So my overland journey to Thailand has been interrupted when a small boy runs out in front of the Land Rover I am driving. Sleep comes but now it is Sunday morning, and I am due in court. After a breakfast of hot tea and a chapati, my friends turn up at the police station and we all drive off to the local magistrate. I am led to the defendant’s part and eight locals have turned up to translate and assist me. Before my own case starts, there is the bus driver to deal with making me wonder where all the passengers slept that night, and he is in the dock first. When the verdict of a heavy fine is delivered, he shouts and waves his arms about, giving me filthy looks.
Now it’s my turn. This was plainly an accident and thank Heaven I had been driving slowly. The eldest member of the boy’s family has made a statement to the police accusing me of injuring the lad. Under Muslim law (sic) I can only be released after: a statement from a doctor confirming that the boy is OK plus paying some compensation to the family. All this has to be done in 24 hours otherwise I will officially be under arrest – currently, I am just in police custody. Seems unfair at the time, but there it is. My local helpers tell me that relations between the UK and Iran are good and they wish to keep things that way and all is very friendly. The lad is in hospital in Teheran.
Back to the police station for me and back to Teheran for my three companions. Inside the police station, I can wander about but with no passport, no money and no Farsi, I have no intention of escaping and becoming a fugitive. But with no news and not being able to talk to anyone, my spirits sometimes sink. While all the policemen have smart new uniforms, one person whom everyone defers to, is an unshaven man in a grubby old brown overcoat. Instinct suggests that he is from SAVAK the Shah’s secret service.
Nothing much happens. The police are busy doing what police do but a couple of small things really lift my spirits. First is in the loo of all places which are of the squat down type. The white ceramic pans are British, so The Potteries have been doing their bit for the Balance of Payments. Observing the police chief one time, the lining of the tail flap of his jacket opens showing that his uniform is made from: “Genuine West of England Cloth” Thank Heaven for our exporters!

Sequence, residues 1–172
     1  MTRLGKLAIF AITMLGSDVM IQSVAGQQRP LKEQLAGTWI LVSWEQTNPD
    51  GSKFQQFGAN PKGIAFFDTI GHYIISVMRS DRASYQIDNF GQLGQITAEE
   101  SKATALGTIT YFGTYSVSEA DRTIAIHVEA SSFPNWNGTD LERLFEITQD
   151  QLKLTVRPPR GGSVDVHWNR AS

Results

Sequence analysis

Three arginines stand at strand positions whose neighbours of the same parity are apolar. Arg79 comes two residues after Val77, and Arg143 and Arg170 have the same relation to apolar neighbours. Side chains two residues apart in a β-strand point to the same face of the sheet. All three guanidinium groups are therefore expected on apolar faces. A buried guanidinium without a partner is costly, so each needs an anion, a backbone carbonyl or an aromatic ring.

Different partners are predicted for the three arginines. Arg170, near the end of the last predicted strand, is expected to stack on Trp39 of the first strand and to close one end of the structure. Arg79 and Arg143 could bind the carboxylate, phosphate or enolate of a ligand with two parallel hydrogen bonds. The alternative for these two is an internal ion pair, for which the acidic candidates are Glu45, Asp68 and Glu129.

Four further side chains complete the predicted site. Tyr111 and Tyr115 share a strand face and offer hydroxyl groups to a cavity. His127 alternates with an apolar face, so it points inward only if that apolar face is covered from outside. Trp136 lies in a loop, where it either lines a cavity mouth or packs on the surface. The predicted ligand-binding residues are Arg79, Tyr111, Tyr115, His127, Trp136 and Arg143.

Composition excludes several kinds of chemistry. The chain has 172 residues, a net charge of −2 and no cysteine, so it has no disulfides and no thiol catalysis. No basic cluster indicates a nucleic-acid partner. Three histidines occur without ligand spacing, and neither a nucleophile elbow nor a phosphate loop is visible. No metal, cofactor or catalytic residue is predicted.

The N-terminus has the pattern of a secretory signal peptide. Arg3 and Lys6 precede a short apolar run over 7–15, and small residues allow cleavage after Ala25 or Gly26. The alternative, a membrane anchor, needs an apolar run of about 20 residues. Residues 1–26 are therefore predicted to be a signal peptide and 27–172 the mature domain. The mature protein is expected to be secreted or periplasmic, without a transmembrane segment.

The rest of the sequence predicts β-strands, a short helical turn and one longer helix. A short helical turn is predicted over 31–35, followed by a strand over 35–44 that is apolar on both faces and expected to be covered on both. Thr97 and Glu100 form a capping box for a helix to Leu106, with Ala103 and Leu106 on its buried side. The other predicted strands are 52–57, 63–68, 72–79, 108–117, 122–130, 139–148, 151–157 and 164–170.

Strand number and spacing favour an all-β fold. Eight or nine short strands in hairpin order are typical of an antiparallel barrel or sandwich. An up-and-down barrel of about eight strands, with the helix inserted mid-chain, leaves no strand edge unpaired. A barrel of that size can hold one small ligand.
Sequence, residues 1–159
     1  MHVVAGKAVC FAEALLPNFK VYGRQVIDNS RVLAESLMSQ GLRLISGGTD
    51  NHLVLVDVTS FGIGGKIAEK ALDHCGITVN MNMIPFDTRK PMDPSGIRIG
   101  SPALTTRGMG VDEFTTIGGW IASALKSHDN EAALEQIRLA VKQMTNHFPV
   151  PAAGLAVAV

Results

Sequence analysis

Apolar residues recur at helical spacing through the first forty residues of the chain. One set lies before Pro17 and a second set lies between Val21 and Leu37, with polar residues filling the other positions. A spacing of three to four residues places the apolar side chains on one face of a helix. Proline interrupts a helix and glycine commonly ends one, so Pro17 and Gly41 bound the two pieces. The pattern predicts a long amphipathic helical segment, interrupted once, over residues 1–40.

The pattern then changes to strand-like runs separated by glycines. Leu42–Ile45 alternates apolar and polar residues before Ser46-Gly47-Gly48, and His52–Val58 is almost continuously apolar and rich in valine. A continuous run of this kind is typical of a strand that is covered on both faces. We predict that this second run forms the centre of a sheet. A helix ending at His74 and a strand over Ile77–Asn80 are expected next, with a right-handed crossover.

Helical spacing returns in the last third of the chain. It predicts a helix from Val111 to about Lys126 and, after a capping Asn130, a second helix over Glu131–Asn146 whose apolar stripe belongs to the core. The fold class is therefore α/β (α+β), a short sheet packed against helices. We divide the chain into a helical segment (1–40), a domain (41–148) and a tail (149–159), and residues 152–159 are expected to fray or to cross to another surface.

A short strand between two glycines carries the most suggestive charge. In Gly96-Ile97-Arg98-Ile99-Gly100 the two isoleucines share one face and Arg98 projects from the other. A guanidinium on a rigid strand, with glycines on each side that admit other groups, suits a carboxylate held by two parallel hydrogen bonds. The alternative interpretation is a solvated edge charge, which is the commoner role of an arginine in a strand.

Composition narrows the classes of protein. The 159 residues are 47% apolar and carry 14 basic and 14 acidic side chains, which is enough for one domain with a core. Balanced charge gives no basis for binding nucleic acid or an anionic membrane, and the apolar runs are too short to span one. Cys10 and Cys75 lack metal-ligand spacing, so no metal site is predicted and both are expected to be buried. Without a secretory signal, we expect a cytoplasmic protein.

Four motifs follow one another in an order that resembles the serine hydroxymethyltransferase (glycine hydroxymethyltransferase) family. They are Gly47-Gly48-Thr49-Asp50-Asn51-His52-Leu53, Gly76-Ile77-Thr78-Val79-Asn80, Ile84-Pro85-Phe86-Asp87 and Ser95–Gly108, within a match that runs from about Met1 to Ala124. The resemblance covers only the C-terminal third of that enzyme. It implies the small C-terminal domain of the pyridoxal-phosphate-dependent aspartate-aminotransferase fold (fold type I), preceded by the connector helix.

Next morning, I am up early and observe the flag-breaking ceremony very similar to when I was in the Boy Scouts. The Iranian flag is rolled up, the lanyard wrapped around it with part of it tucked in. Carefully, it is hoisted to the top of the flagpole while the policemen affirm their oath of allegiance to the Shahanshah (King of Kings.) Although deceased, the Shah has his own page on Facebook. On the mention his name, the lanyard is pulled opening the flag to the smart sideways stamp of the shiny black boots and a smart salute.
No news. Monday 12 noon I am back in court with my helpers meaning that I am now officially under arrest but in a small gesture to diplomacy, I can stay in the spare room with its barred windows avoiding staying in the cells with the local villains. Afternoon comes and a telegram in Farsi arrives from the British Embassy asking for information about George Emsen? In front of me, the police chief reads it again, adding a stroke and the missing consonant restoring my name to Emsden. Seems the police chief speaks a little English and he gives the telegram to a colleague asking him to send an acknowledgement.
Worst of being stuck in custody is not knowing if the lad is alive or not? What will happen to me if the boy dies? Evening, it is dark and the crowded Land Rover turns up with my friends, the boy and his family. At least I am not a murderer but now negotiations begin for my release. How much do we have to pay? We are all crowded into one room with me in one corner, the SAVAK guy in another and the old boy who made the statement in another. He is illiterate, so both his original statement and my release were written for him. All he has to do is put his index-finger print in four places on the document. Negotiations are at screaming level much of the time, and the boy’s mother is pleading with the old man but he just sits there shaking his head. Eventually and with a bit of encouragement, his index-finger prints are on the document where they are countersigned in green ink. The compensation is paid to the family plus the money spent feeding me, which came from the pockets of the policemen concerned. Now I can be released, but as I have been under arrest since noon that day, my mug shot and fingerprints have to be taken – do I have a criminal record at Interpol, I wonder? In the meantime, the police throw a sort of party and it is very late when we can leave, drive out of town and camp for the night. Eight a.m. next morning, we are buzzed by two Northrop fighters of the Imperial Iranian Air Force and the planes are low enough for me to see the laughing faces of the pilots in the cockpits.
And what happened to the lad? Still think of him sometimes where reminders come from odd places. In the 2010 film The Green Zone set in Iraq, the lead character Miller, played by Matt Damon (born 1970) has a local helper who has a limp and can’t run fast. Miller asks him the reason “My leg is in Iran” he replies referring to the Iran/Iraq war. If the boy was 4 years old in 1970, might he have fought for his country? Did he survive? Was he injured? Wherever you are Mohammed, be well.
Any readers with interesting overland experiences to share?